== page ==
Carolyn Creedon’s “litany” is one of those poems (and they are being written today) which should be celebrated and put in the spotlight.   Bad poems will always be written, but if the good poems are collected and celebrated, the public may trust the process again, and return to poetry.  The public is wary, however.  Fraud made its play, and won.  It will be a long process to woo the public back.

Gillian Conoley’s poem, “Beckon,” is too obscure to satisfy the popular taste; she has befuddled the opposition as she has advanced, but against the exquisite clarity of “litany,” Conoley’s words seem but islands, isolated and alone.

Again, we present one of the best poems of the 20th century, by Carolyn Creedon:


Tom, will you let me love you in your restaurant?
i will let you make me a sandwich of your invention and i will eat it and call
it a carolyn sandwich. then you will kiss my lips and taste the mayonnaise and
that is how you shall love me in my restaurant

Tom, will you come to my empty beige apartment and help me set up my daybed?
yes, and i will put the screws in loosely so that when we move on it, later,
it will rock like a cradle and then you will know you are my baby

Tom, I am sitting on my dirt bike on the deck. Will you come out from the kitchen
and watch the people with me?
yes, and then we will race to your bedroom. i will win and we will tangle up
on your comforter while the sweat rains from our stomachs and foreheads

Tom, the stars are sitting in tonight like gumball gems in a little girl’s
jewelry box. Later can we walk to the duck pond?
yes, and we can even go the long way past the jungle gym. i will push you on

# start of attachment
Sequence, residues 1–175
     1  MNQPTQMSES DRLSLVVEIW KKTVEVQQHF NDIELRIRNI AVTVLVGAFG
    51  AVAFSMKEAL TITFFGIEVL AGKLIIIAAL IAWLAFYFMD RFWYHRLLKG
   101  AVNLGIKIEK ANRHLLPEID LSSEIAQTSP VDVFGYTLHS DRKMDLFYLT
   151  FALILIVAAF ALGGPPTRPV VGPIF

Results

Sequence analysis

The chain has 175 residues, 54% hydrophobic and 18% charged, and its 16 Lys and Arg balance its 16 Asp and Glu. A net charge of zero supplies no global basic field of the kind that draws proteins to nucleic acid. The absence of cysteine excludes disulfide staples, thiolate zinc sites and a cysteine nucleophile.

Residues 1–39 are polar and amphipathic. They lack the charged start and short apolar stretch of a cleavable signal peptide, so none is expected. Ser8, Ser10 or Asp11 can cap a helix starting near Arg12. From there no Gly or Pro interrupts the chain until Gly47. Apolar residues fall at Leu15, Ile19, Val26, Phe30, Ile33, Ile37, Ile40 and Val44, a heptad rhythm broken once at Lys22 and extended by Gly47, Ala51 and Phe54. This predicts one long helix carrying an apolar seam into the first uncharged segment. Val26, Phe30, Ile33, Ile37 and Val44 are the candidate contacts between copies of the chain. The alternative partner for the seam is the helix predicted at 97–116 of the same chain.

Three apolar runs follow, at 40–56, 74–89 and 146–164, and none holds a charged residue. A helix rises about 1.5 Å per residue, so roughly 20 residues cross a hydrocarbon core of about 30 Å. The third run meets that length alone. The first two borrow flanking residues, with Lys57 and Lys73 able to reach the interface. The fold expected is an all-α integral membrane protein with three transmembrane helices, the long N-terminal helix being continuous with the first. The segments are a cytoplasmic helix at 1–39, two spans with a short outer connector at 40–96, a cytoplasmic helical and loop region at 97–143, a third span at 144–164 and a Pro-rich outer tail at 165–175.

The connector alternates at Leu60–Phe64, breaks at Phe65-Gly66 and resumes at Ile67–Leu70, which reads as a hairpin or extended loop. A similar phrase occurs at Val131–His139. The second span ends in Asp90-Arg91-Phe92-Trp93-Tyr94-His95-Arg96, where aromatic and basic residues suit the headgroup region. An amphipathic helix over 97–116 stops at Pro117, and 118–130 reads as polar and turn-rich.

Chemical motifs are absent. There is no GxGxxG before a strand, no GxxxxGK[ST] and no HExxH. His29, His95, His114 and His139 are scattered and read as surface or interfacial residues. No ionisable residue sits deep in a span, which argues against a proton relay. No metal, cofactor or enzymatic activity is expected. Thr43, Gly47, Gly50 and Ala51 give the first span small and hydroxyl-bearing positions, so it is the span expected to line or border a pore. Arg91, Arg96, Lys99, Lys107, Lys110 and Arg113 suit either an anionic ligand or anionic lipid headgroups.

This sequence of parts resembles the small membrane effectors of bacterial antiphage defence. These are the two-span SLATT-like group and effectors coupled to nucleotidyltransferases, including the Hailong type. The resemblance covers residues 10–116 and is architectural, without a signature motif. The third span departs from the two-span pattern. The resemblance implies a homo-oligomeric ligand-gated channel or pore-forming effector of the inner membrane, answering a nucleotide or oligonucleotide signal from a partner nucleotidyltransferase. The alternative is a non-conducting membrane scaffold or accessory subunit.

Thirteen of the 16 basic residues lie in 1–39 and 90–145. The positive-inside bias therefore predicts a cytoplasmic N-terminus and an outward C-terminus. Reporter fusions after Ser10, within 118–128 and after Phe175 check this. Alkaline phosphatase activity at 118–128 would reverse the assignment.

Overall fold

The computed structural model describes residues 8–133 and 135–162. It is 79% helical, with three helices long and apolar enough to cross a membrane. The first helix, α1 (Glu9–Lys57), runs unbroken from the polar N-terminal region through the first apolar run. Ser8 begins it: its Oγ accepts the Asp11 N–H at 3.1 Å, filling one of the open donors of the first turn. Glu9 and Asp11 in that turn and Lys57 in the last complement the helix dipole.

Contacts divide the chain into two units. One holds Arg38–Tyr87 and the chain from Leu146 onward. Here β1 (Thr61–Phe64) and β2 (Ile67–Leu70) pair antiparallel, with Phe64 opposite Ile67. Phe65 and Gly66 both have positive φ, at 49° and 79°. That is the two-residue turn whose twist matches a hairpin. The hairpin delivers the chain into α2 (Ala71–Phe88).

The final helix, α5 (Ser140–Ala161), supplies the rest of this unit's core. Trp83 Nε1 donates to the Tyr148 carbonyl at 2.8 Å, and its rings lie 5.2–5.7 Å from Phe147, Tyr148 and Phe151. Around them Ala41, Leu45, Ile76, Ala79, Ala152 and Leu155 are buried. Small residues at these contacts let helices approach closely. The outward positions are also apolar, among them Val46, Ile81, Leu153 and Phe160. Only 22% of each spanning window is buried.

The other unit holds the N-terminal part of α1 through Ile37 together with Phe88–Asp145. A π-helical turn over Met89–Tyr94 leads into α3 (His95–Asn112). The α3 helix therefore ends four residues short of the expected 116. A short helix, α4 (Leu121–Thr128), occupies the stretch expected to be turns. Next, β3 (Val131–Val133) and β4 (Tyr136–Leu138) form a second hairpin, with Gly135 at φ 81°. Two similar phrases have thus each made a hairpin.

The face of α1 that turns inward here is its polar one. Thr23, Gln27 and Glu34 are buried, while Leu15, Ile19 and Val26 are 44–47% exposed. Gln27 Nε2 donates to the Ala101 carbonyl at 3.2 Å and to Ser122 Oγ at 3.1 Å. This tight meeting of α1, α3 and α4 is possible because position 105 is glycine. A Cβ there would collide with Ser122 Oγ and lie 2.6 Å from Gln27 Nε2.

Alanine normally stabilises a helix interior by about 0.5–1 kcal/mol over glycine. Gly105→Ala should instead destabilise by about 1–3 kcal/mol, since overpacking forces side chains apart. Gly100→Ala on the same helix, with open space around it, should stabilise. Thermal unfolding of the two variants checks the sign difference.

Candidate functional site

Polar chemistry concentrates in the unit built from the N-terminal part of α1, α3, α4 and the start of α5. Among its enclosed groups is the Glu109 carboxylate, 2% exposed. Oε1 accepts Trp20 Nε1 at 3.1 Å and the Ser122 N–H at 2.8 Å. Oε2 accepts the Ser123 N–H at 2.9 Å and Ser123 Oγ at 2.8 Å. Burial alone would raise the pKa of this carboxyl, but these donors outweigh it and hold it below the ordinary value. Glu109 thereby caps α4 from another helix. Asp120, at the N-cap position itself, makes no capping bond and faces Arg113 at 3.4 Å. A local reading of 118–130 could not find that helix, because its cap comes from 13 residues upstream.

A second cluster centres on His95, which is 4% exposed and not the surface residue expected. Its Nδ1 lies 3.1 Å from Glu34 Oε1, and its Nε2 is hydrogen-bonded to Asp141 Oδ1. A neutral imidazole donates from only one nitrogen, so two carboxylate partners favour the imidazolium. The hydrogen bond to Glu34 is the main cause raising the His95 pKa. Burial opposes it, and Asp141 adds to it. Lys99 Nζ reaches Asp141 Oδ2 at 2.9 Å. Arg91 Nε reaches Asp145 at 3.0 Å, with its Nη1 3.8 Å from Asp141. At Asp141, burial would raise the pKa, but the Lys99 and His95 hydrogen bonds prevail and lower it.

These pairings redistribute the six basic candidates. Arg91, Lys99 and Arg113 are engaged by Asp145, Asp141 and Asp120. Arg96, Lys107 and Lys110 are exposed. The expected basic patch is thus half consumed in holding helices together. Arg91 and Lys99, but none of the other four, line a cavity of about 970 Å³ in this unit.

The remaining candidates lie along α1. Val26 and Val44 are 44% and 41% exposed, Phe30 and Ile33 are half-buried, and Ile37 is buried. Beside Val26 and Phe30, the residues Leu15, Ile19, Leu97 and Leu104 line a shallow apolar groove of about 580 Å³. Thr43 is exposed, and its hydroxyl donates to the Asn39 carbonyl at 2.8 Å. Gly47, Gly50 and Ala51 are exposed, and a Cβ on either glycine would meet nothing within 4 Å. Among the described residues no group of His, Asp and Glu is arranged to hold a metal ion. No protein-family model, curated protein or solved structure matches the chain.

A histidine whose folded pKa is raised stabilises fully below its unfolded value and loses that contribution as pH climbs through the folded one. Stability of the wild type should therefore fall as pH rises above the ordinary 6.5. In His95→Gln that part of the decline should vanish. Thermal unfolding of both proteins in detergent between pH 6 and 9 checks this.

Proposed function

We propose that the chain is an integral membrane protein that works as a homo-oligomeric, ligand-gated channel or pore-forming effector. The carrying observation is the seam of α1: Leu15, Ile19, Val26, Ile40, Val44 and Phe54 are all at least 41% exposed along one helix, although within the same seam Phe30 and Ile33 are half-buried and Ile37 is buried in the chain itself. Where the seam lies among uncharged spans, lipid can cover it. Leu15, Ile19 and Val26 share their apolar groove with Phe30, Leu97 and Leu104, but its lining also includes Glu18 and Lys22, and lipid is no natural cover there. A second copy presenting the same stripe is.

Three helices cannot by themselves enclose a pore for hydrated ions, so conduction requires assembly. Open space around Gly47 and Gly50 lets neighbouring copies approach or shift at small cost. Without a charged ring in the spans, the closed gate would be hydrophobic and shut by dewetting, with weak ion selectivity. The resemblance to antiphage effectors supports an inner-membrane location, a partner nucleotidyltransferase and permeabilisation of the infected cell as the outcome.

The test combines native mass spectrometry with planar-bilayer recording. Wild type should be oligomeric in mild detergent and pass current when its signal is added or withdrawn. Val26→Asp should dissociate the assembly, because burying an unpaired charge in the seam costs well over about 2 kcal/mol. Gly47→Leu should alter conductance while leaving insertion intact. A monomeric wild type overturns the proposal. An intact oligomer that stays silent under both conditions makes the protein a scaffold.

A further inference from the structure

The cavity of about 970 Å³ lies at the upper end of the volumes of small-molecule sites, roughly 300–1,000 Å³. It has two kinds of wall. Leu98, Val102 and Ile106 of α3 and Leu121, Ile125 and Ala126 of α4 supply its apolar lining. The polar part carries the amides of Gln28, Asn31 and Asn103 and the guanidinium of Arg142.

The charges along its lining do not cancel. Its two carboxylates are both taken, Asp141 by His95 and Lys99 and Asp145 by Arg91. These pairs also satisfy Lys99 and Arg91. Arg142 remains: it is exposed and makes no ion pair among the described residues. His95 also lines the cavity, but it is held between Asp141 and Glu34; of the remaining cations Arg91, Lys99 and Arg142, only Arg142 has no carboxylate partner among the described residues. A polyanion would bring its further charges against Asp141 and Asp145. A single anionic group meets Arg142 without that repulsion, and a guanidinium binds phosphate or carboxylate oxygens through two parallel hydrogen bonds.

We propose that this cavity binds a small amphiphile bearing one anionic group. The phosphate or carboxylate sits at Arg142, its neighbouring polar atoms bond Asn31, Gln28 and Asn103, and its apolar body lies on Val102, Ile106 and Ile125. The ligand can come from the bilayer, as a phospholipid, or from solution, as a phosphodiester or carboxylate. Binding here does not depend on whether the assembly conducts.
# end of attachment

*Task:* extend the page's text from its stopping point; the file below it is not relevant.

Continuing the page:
the swing, but promise me you’ll hold tight. if you fall i might disappear

Tom, can we make a baby together? I want to be a big pregnant woman with a loved face and give you a squalling red daughter.
no, but i will come inside you and you will be my daughter

Tom, will you stay the night with me and sleep so close that we are one person?
no, but i will lay down on your sheets and taste you. there will be feathers
of you on my tongue and then i will never forget you

Tom, when we are in line at the convenience store can I put my hands in your
back pockets and my lips and nose in your baseball shirt and feel the crook
of your shoulder blade?
no, but later you can lay against me and almost touch me and when i go i will
leave my shirt for you to sleep in so that always at night you will be pressed
up against the thought of me

Tom, if I weep and want to wait until you need me will you promise that someday
you will need me?
no, but i will sit in silence while you rage. you can knock the chairs down
any mountain. i will always be the same and you will always wait

Tom, will you climb on top of the dumpster and steal the sun for me? It’s just
hanging there and I want it.
no, it will burn my fingers. no one can have the sun: it’s on loan from god.
but i will draw a picture of it and send it to you from richmond and then you
can smooth out the paper and you will have a piece of me as well as the sun

Tom, it’s so hot here, and I think I’m being born. Will you come back from
Richmond and baptise me with sex and cool water?
i will come back from richmond. i will smooth the damp spiky hairs from the
back of your wet neck and then i will lick the salt off it. then i will leave

Tom, Richmond is so far away. How will I know how you love me?
i have left you. that is how you will know


Barbara Guest:  Sophisticated Lady.

We all would like to make that film—if we could—that is humanity’s shared dream. But the fine print in the distribution rights always trips us up.  Or our lead actor lands in a scandal just as our film is released, or some critic who just doesn’t get it at all rips our film to shreds, laughing all the way.  And we were going to make the whole world cry. We were going to move the world.

If we look at the the film industry v. the poem industry: which one of them has produced more shared dreams at less cost?  Movies v. poetry—which is the most efficient, and the most effective, at immersing the most people in dream?